I believe (and I very well may be mistaken here), that every time your DLL loads into a separate process, it receives its own copy of mouseX and mouseY local to that process. So it wouldn't make any sense for you to declare them as extern and try and access them from your main process (it will only be accessing its local copies). Instead you need a way to record the mouse coordinates in each of the processes that your hook is installed, and then send them back to your main process.

    I would suggest sending your main window a message using SendMessage(). Its a fairly simple way to perform interprocess communication. When your DLL loads, get a handle to your main window using the appropriate Win32 API calls. When a mouse event gets hooked, use SendMessage to send the coordinates using that handle and a custom defined WM_USER message.

    Again, off the top of my head, I don't remember exactly how the memory allocation works when your DLL is loaded into multiple processes. You'd have to look it up.
    [/disregard]

    [edit]
    I apologize. I read up on the WH_MOUSE_LL hook and it doesn't inject into other processes and actually intercepts the mouse message before it is put into a thread message queue.

    Also, the LPARAM to a LowLevelMouseProc should be interpreted as a MSLLHOOKSTRUCT, not a MOUSEHOOKSTRUCT.
    [/edit]
    Last edited by arpsmack; 08-16-2008 at 11:11 AM.

  3. #3
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    Quote Originally Posted by arpsmack View Post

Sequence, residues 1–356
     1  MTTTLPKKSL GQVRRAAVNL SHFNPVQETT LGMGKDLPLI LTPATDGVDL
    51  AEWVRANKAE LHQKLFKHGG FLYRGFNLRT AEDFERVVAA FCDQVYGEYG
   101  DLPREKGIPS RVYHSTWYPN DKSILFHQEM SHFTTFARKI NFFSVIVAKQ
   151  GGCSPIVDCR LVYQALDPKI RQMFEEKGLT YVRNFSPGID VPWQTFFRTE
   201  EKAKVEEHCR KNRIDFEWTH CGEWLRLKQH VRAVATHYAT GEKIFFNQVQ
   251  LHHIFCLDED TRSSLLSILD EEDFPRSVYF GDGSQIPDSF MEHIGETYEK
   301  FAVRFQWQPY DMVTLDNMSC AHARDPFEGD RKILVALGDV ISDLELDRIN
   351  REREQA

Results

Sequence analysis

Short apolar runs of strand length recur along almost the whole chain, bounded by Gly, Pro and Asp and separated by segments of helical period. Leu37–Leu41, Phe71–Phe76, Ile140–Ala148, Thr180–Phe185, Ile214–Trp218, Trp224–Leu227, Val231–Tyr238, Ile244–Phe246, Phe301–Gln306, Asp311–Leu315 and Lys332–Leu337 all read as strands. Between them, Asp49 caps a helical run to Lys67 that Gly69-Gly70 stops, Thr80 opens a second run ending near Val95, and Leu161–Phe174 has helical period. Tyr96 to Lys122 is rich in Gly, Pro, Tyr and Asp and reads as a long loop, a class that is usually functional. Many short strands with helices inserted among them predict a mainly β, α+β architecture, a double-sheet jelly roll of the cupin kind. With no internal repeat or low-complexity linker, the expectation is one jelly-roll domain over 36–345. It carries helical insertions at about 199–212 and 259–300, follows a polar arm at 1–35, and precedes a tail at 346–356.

90% of what you posted is irrelevant for solving your problem. What we need to know is:

    1) Are you properly registering the mouse hook?
    2) Is the mouse hook actually being called?
    3) Are the mouseX and mouseY being updated properly?

    [disregard]
    If all of the above is true then your mouse hook is working properly. Now your problem is, how do you get those mouse coordinates back to your main process? I'm assuming this is a global mouse hook, so your DLL is being loaded into every running process that receives mouse events.

    I believe (and I very well may be mistaken here), that every time your DLL loads into a separate process, it receives its own copy of mouseX and mouseY local to that process. So it wouldn't make any sense for you to declare them as extern and try and access them from your main process (it will only be accessing its local copies). Instead you need a way to record the mouse coordinates in each of the processes that your hook is installed, and then send them back to your main process.

    I would suggest sending your main window a message using SendMessage(). Its a fairly simple way to perform interprocess communication. When your DLL loads, get a handle to your main window using the appropriate Win32 API calls. When a mouse event gets hooked, use SendMessage to send the coordinates using that handle and a custom defined WM_USER message.

    Again, off the top of my head, I don't remember exactly how the memory allocation works when your DLL is loaded into multiple processes. You'd have to look it up.
    [/disregard]

    [edit]
    I apologize. I read up on the WH_MOUSE_LL hook and it doesn't inject into other processes and actually intercepts the mouse message before it is put into a thread message queue.

    Also, the LPARAM to a LowLevelMouseProc should be interpreted as a MSLLHOOKSTRUCT, not a MOUSEHOOKSTRUCT.
    [/edit]
    Sorry about the irrelevancy, I like to include everything that might have something to do with it so I don't miss putting something in and you all can see exactly what I'm doing. The mouse hook is properly registered, and is being called, and it updates the mouseX and mouseY. I have figured that out through some simple debugging. I think you may be on to something with the global DLL containing separate memory addresses. What I have seen, but wasn't sure that I needed was a way to put the data into a shared section in the DLL that all programs can access. I'll try that and see how it goes, thanks for the reply.
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  4. #4